UTC: the perfect matching machine

Adaptation is a key feature for all living organisms; it has nothing innate about it and has to be learned. When Luc Alba came to UTC Compiegne in the very beginning, with a diploma that was as yet not recognized, Luc Alba agrees that the conditions then were acrobatic compared with the means UTC has today, yet they served to reinforce the self-confidence of his comrades and himself, such that they all were able to adapt to a variety of real-life situations they were to encounter.

UTC: the perfect matching machine

UTC: the perfect matching machine

In the presence of Luc Alba, we could qualify him as ‘curious’ and ‘open-minded’ and definitely not dogmatic yet a hard thinker when needed. This former boss of the Software Engineering department at Sagem Mobile phones (2003), ex-Director at Ulysseo, a software editing company, is clearly adamant about new-wave social network addictions and others – not that he calls for a rejection of technologies but more the (mis)uses made and the subsequent total loss of critical minds. In a sense, it is logical that he finds it impossible to reject those very tools he himself developed over several years.

Travel and signal processing

It was not, however, the technological gadgets that motivated his first employment. “After I had gained my engineering diploma, I in fact wanted to make a break with UTC and head of to work outside France”. And what could be better in this respect than accepting a job in petroleum exploration, for the Compagnie Générale de Géophysique. From the Arctic Circle to California, via Brazil, the Congo or Spain, his job was with missions designed to identify promising geological structures. “90% of our drillings turn out to be dry and the cost of an echographic sonar sounding campaign is 10 times less than drilling a bore-hole”, explains Luc Alba.

A real soft spot for software engineering

After spending several years prospecting, Luc Alba moved back to a more sedentary life-style as a software developer for the same company. “Learning how to modify, upgrade and develop software packages was not a real difficulty at all”, explains Luc Alba, well aware as he was concerning the “adaptability genes” provided by his years at UTC. This new activity in fact shows him the path forward for his next career moves: as a consultant in software engineering, especially in the field of programme architecture, which is the key to finding modular software solutions, given their demonstrable competitive advantages. “We realized that a large number of software functionalities can be re-used and that an advantage accrues from thinking ahead for system target during the design phase” underlines Luc Alba, who see here an analogy with Lego® construction. Thus he then became interested in development processes per se, establishing two start-ups with major industrial groups as clients. He also later enjoyed his incursion to the industrial world of mobile phones and the first “apps” with SAGEM … to the point that today he heads the department responsible for deployment of profession-intensive software packages at SAFRAN.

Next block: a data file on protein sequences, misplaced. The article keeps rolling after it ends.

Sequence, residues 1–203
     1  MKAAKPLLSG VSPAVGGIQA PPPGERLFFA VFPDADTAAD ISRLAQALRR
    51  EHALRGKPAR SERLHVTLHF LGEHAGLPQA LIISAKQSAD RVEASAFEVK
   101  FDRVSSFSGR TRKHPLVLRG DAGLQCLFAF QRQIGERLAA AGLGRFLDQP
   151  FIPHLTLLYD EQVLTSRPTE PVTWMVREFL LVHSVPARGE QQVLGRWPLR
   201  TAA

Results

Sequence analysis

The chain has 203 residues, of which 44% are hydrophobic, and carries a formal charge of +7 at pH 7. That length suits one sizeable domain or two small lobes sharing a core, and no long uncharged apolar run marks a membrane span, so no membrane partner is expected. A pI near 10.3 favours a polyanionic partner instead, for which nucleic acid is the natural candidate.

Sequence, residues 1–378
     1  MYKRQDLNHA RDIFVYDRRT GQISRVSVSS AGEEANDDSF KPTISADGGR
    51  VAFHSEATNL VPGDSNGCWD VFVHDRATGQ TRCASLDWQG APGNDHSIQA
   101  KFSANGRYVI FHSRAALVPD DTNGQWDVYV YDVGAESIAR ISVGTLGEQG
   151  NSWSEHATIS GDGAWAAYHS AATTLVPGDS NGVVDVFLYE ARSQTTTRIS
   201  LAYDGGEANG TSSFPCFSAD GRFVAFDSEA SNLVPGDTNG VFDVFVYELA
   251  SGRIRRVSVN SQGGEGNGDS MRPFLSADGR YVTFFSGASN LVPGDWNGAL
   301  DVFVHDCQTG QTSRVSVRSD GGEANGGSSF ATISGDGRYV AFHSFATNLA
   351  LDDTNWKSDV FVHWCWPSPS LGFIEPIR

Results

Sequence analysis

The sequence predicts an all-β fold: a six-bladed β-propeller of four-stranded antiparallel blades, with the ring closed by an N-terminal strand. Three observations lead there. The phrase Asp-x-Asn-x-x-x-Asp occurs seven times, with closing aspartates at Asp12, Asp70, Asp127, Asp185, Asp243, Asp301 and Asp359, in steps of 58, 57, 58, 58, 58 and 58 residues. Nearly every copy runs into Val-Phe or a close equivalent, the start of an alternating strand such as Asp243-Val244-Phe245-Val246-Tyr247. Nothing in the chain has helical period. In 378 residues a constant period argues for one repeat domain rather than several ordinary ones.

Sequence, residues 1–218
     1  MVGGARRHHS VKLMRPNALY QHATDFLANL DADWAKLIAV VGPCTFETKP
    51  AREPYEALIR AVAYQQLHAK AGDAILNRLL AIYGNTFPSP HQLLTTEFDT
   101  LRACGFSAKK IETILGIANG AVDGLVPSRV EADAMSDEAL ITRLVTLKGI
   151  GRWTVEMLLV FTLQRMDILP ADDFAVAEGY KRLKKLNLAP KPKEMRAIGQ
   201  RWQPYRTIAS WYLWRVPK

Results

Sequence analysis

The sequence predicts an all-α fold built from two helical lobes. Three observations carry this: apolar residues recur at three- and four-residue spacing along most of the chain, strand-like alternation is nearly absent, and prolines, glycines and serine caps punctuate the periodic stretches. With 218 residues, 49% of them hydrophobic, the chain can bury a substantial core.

Too many standards kill initiatives

Today and 60 years old, Luc Alba sees himself as a facilitator for the development and deployment of software packages for use in the aeronautical sector, which bring with it a new challenge: standards inflation and regulatory overkill process, whether it be in the public or less known in private sectors inasmuch as the trend is in-house. “Safety in aeronautics is primordial: any change or evolution of a given system requires ten engineers to demonstrate that the risk factors are fully under control. The statistical end-result is that air transport incurs about 20 times less accidents that with cars/trucks on the roads”, underlines Luc Alba. Standards he agrees are important, but nevertheless it is their sheer proliferation that impinges negatively on the corporate performances factors: on one hand, you have the intermeshing of processes and after a while the engineers are ‘out on a limb’, so to speak; on the other hand, a lot of time is wasted in justifying every move, with the engineers forced to play the role of lawyers rather than being totally focused on solving the problems to hand, as (and before) they arise. Alongside his professional track-record, Luc Alba has remained faithful to UTC, as an Bureau officer of ADAUC (which became Tremplin, the UTC alumni association) in 1998, helping professionalize the association in close liaison with its Bureau officers, a long-term partnership with UTC and a true service offer based on a reliable data base (witness the UTC graduate entrepreneurs who today are members of the Business Club. Today UTC counts some 26 000 graduates round the world. He is also a keen follower of the Prix Roberval, a prize given each year to books (etc.) that promote a better understanding of technology.